A criminal defence lawyer from Vancouver is sounding the alarm as the province's 'extreme housing crisis' worsens — so much so that her recent clients declined bail to get 'three hots and a cot' in prison.
"I've had three clients this week asking to extend their time in custody," posted Melanie Begalka on X. "The extreme housing crisis, fear of dangerous drugs on the street and general lack of resources, it's all real."
Since her initial uproar, Begalka told the Vancouver is Awesome blog that two of her three clients — all men — remain in custody.
Neither sought bail, knowing it would prolong their access to regular meals and a safe place to sleep.
"It got to me that day," said Begalka, referring to her June 28 post on the province's housing crisis.
Though the litigator did not disclose details on her clients' alleged crimes, she said either bail or a guilty plea would put them on the street sooner.
They would tell Begalka to delay their sentencing until they could access suitable housing and treatment.
According to Blacklock's Reporter, focus groups in Metro Vancouver and the B.C. interior reacted "negatively" overall to the province's January 31 decriminalization of up to 2.5 grams of heroin, crack, cocaine, fentanyl, MDMA and meth.
Several groups contend the 2.5 gram limit is "far too high" for substances like fentanyl, with fatalities increasing year-over-year since 2020.
A total of 4,605 people died from accidental poisonings that year, with 6,310 deaths in 2021.
The B.C. Coroners Service (BCCS) recorded 2,272 overdose fatalities in 2022 — up tenfold from 272 fatal overdoses in 2001.
The BCCS also reported 184 deaths last June from illicit drugs — over 1,200 this year alone. In a year-over-year comparison, the death toll jumped 17% from last June and 2% higher than in May.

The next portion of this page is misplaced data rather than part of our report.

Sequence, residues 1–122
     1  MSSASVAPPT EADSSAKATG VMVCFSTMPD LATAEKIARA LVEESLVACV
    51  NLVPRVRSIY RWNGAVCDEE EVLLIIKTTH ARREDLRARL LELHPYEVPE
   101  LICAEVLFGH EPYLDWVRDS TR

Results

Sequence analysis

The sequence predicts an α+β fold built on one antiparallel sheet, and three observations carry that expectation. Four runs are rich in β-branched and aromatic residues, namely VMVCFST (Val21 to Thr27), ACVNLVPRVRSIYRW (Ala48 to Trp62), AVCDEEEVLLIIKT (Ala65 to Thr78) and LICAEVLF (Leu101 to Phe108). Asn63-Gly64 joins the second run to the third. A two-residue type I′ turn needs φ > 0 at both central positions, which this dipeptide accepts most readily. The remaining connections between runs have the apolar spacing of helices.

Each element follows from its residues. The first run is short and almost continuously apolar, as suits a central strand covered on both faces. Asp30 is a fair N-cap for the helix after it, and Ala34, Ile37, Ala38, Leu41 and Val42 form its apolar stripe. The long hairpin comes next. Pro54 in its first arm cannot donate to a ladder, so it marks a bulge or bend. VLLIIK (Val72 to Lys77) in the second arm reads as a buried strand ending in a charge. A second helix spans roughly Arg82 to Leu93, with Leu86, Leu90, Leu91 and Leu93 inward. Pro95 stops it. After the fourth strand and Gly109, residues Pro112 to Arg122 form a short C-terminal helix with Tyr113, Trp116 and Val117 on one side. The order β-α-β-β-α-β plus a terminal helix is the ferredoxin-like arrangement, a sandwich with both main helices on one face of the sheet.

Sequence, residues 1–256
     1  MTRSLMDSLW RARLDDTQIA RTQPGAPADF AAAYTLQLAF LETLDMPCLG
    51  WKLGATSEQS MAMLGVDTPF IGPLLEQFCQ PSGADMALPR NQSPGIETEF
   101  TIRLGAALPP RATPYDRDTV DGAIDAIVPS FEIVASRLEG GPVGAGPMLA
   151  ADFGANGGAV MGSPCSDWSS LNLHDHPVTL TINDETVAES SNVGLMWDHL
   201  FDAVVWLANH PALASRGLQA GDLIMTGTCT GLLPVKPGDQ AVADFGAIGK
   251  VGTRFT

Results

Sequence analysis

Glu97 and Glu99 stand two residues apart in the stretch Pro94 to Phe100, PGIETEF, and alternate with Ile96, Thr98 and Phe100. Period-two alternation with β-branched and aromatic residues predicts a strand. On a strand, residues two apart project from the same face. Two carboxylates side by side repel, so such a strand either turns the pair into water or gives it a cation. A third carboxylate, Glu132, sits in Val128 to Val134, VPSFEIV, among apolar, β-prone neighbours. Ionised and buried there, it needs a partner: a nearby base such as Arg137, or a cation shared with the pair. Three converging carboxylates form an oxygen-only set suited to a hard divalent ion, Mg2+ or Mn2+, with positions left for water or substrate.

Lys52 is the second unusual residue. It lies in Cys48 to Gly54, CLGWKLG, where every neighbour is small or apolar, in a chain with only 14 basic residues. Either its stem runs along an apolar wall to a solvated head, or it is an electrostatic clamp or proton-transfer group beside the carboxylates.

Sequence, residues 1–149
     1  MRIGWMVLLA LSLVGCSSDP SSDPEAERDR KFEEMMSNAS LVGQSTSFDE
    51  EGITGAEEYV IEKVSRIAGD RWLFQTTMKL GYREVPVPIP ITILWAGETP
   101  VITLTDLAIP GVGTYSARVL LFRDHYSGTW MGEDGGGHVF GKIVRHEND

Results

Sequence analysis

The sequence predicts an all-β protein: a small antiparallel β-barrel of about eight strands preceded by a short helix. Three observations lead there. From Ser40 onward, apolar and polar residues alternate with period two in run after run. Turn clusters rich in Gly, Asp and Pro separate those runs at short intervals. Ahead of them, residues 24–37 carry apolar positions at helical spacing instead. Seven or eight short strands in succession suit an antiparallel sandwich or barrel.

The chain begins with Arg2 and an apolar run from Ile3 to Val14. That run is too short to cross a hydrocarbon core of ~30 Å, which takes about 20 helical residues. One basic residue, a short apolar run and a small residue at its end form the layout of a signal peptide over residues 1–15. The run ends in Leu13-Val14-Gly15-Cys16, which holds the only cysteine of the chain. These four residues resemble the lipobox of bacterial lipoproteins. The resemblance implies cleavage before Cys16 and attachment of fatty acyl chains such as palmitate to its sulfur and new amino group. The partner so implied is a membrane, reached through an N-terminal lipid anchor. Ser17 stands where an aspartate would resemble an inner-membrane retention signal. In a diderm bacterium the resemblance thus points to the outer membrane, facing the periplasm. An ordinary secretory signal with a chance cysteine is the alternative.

Overall, the province has suffered more overdose fatalities than combined deaths from homicides, suicides, accidents and natural diseases in recent years.
The phenomenon of alleged criminals extending their stay in jail is "not unusual" and has become more acute in recent years, according to Begalka.
"It's almost always people who are homeless, using drugs, and tired. [They] get three hot meals and a bed, and that's more than some people get anywhere else."
According to a 2020 Metro Vancouver homeless count report, 107 people struggling with homelessness testified they lacked housing, having recently served time in prison.
A 2016 study in the Canadian Journal of Public Health concluded that "homeless and vulnerable individuals reporting recent incarceration were less likely to be housed over a two-year follow-up period."
In response to Begalka’s anecdote, B.C. Housing Minister Ravi Kahlon conceded his government must improve resources for people transitioning to life outside prison.
"It doesn't surprise me given the crisis that we're in right now with the shortage and lack of housing we have available for people," he said.
Kahlon said provincial data coincide with the lived experiences of Begalka's clients — data, he said, that has informed the government's housing strategy.
"Our strategy is not only to build housing but also to look at these pathways and figure out how we intercept people when they come through the system so that we can get them into housing as opposed to that cycle continuing to repeat itself," he said.
Earlier this month, the B.C. government announced $97 million to fund the development of 143 low-to-moderate rentals, 25 supportive housing units and 80 shelter beds in the Downtown Eastside.
"We need more types of housing like this," he said. "Shelters are important, but we want to make sure that there is more stable housing because this is the type of housing we want to see people in."
"I wish there were an easy solution to this. There is no easy solution. Every solution is complex, and it takes time."